Finds from the site were almost predominantly associated with domestic waste and large quantities of burnt flint-tempered pottery were recovered that appear to show a development in style and technique. The most abundant material recovered were quantities of burnt flint nodules. This material may have been crushed to provide a temper in pottery making or heated for a domestic purpose such as cooking.

Over one hundred soil samples have been taken from various features across the site in order to identify micro animal and plant and remains such as seeds, grasses, insects and charred organic matter. This material can be used in obtaining accurate dates through the process of carbon 14 dating as well as giving a clearer understanding of the surrounding environment during the period.

Soil sampling

Analysis and assessment of the finds and excavation data is underway. The discovery of such a substantial Iron Age settlement in this position was completely unexpected and the final results of this investigation will give us a far greater insight into the developing settlement of the upper ridges along the Great Stour valley in this period that culminated in the construction of Bigbury hillfort.

Our thanks are extended to Bob Smith (Bursar, St Edmund’s School) for commissioning the work and to the excavation team for their fantastic work in weather conditions that resulted in hard sun-baked clay on some days to wet, heavy and clinging clay on others.

Ross Lane
Senior Archaeologist

Video: Excavation of fire pit


St Edmund’s School visit the excavation

The excavation at St Edmund’s School presented a fantastic opportunity to give pupils a chance to see archaeology in action and a give them an extended learning experience outside of the classroom. Thanks to Fran Martin (History teacher at the senior school) and Mary Yearlsley (Lower School co-ordinator) this was made possible.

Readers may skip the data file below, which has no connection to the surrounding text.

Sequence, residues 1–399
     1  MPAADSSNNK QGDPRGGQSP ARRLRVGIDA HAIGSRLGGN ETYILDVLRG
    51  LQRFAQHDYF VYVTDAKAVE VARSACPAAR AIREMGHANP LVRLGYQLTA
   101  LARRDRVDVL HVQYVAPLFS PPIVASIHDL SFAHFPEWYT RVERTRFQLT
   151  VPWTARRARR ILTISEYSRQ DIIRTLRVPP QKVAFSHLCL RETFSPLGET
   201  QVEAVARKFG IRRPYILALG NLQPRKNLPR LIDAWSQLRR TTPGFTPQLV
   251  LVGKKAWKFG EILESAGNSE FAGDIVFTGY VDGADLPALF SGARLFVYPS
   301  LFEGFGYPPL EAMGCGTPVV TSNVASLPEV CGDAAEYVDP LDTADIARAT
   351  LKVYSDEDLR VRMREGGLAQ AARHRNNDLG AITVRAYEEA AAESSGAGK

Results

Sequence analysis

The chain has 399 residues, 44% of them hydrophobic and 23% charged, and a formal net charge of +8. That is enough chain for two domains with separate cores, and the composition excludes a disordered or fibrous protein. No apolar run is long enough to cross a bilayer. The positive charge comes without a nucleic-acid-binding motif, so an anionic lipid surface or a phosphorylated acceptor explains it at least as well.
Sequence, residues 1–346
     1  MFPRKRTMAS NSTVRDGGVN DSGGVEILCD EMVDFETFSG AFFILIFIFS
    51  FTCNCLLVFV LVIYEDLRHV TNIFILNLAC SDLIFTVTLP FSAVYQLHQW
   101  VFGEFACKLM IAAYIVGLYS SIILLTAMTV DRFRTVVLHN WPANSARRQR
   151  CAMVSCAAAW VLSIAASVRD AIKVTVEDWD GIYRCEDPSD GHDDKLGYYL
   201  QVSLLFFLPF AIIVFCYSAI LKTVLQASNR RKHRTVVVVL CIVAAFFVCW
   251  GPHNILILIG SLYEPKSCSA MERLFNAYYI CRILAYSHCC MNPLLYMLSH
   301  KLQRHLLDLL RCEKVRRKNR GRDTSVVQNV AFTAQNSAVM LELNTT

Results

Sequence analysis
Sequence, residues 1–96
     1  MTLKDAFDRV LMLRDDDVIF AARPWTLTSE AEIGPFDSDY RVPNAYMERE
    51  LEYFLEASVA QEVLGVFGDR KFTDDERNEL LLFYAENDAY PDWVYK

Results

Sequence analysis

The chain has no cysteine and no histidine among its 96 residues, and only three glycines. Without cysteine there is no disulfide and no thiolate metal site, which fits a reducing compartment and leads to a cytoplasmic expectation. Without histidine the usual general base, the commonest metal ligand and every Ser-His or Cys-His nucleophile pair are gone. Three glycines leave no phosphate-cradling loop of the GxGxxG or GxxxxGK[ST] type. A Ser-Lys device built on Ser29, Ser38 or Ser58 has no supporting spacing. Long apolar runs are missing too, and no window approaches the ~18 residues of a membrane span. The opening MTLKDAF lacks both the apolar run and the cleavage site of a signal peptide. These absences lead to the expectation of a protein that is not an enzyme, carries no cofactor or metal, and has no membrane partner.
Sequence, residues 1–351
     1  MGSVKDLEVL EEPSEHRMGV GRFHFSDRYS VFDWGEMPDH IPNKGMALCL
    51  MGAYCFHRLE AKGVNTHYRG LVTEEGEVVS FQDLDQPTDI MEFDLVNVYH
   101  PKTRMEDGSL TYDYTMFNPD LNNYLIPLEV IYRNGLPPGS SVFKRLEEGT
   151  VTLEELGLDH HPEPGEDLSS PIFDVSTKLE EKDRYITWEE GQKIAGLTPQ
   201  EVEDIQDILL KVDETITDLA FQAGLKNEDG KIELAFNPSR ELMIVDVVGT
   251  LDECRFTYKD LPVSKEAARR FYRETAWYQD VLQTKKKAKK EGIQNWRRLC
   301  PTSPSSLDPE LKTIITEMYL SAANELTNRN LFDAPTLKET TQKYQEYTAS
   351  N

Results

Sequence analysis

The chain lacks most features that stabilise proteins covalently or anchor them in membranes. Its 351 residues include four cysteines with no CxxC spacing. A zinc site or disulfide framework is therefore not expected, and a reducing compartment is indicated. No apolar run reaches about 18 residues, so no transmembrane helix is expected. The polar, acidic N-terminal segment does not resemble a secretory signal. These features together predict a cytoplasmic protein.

Classes from both the junior and the senior school took part (years 3 to 9) and another tour was made up of staff and sixth form pupils. Many of the pupils had visited Butser Ancient Farm, an experimental archaeological site that displays on-going constructions of buildings based on real sites from prehistory. The chance for the children to see an Iron Age excavation on their own playing field can have only helped consolidate their learning of this period.

Groups comprised approximately twenty pupils and the tour programme started with a brief introduction into our role as archaeologists. The pupils were shown trays of pottery sherds and burnt flint (abundant across the site) and were given the chance to handle the flint and consider what Iron Age people might have used it for. The flint lying in the sun, helped demonstrate that the material retains heat!

Juniior school (year 4) site tourSixth form and staff site tourSixth form and staff site tour